Survey: Best small cities to start a business

April 20. Cornelius, Huntersville and Concord did relatively well in a new list of 1,337 best small towns to start a business in the United States—ranking in the top 20 percent—but Mooresville scored awesomely well.

Race City USA was No. 78 on the WalletHub list, putting it ahead of 1,259 small towns ranging from Alhambra, Ca., (No. 986) to Westfield, NJ (dead last at No. 1,337).

In fact, three New Jersey towns brought up the rear: Hoboken, Ridgewood and Westfield.

Towns of 25,000 to 100,000 were ranked on the basis of business-friendliness according to 20 key metrics ranging from average growth in number of small businesses to investor access, from tax structure to labor costs, not to mention higher education assets, commute time and start-ups per capita.

To read the full WalletHub report, click here.

Concord came in at No. 219, with an overall business-friendly score of 55.08; Cornelius at No. 277, and a score of 54.09; and Huntersville, No. 293 and 53.73.

Mooresville, at No. 78 on the list, had an overall score of 57.78. Asheville (No. 60), had an overall score of 58.33. Kannapolis (No. 186) scored 55.64 overall.

You’re the boss

It’s all what you make of it, however.

“Opportunities for new business locally in small cities center around services that are craft-related and physically local. There is often a shortage of skilled crafts for anything from tree trimming, welding, plumbing, and other services. While these ‘blue-collar’ options may not appeal to a technology-focused population, the income opportunities and competition may be far lower than trying to compete in markets online,” said Steven W. Bradley, chair of entrepreneurship and private enterprise at the Baylor University’s Hankamer School of Business.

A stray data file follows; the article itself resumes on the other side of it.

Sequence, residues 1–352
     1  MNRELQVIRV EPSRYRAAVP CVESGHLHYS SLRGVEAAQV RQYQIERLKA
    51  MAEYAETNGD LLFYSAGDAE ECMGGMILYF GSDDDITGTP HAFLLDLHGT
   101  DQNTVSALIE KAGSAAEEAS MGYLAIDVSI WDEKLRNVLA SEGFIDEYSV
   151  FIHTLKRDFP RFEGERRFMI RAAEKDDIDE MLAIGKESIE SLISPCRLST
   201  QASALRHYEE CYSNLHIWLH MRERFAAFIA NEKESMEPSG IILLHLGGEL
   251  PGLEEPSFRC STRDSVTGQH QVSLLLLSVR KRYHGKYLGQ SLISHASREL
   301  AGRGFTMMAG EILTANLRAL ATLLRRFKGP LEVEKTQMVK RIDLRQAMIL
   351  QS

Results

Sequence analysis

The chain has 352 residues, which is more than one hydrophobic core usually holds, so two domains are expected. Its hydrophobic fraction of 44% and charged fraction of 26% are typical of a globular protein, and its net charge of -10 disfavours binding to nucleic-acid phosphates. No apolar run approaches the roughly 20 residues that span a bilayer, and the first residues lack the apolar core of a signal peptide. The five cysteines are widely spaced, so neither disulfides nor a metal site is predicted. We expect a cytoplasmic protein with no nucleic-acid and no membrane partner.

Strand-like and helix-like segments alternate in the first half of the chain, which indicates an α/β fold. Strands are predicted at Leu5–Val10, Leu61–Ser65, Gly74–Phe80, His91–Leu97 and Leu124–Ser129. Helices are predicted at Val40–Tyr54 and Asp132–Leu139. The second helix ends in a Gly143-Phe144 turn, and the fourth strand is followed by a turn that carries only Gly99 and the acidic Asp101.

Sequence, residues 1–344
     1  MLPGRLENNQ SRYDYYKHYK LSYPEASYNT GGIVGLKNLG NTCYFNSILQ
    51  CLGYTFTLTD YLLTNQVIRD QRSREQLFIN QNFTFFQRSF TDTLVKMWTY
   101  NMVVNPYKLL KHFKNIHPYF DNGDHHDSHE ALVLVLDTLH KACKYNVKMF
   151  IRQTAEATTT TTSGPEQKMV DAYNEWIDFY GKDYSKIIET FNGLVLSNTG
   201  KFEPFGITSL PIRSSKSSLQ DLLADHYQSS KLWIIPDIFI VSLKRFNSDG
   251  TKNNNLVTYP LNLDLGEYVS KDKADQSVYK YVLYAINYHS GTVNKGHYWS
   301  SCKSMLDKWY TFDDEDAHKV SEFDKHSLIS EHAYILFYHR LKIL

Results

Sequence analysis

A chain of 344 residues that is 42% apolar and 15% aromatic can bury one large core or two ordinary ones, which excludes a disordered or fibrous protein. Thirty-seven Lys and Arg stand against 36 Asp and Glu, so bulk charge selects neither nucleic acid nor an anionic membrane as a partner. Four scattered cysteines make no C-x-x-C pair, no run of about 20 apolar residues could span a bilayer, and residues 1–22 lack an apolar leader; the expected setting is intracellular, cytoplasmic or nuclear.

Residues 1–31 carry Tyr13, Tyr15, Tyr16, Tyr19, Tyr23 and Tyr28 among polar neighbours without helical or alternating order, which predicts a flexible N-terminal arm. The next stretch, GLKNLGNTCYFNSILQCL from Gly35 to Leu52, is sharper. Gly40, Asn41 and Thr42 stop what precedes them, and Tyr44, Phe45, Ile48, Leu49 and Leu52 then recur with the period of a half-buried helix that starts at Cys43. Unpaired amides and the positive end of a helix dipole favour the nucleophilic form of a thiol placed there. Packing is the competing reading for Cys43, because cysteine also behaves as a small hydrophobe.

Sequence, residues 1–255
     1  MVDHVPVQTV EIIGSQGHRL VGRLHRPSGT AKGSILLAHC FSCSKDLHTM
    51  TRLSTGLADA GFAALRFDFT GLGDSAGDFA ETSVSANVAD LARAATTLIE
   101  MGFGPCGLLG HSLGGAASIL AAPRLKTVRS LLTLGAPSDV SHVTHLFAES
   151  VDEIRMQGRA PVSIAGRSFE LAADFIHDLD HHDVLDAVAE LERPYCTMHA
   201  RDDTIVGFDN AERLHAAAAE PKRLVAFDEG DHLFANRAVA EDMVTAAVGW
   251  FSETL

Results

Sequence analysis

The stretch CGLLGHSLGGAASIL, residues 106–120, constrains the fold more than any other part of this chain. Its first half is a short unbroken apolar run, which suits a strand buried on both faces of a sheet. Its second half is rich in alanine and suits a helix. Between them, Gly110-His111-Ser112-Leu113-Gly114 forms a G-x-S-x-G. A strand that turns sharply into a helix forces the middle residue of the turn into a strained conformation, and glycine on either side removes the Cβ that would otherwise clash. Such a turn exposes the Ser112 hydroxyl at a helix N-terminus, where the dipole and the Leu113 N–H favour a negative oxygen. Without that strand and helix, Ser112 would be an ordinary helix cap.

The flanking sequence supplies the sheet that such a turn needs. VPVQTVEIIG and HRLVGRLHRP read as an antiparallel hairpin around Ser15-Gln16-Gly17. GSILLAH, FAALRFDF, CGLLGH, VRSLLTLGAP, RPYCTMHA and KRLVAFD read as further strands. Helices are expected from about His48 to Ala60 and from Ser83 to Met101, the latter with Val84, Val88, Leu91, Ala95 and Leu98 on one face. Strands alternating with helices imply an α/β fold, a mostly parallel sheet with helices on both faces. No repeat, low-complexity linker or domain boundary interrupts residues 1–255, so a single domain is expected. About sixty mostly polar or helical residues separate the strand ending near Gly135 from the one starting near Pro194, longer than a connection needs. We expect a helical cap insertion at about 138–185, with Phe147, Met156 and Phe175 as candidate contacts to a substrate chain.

Here’s another perspective, from Dr. R. P. Garrett, chair of the Department of Management and Entrepreneurship at the University of Louisville:

“Retail stores and restaurants tend to do well in small cities. In areas where there is a specialized workforce, tech startups may also find success. However, in today’s increasingly digitally connected world, where most people are working remotely anyway, practically any kind of business can be successful if its reach expands virtually beyond its local community. With the right operational plan and proper marketing, local businesses can find success beyond their own small city.”

Government’s role

What can local officials do to encourage entrepreneurs?

“Celebrating entrepreneurs who are already in business – telling their stories in ways that inspire others is a great starting point. Doing an inventory of what kind of entrepreneurship is going on in the community can be interesting as well and can point leadership to areas that can be leveraged. Funding is a big thing, and it does not have to be a lot. Pitch competitions, flexible loans, or access free space/incubators to get that idea started and growing also will get some excitement going. Also giving potential entrepreneurs access to really knowledgeable people to run their ideas through is a tremendous help. Jumping on someone else’s learning curve can save time, money, and frustration.”

—Paula Englis, Professor of Management, Berry College, Mount Berry Ga.


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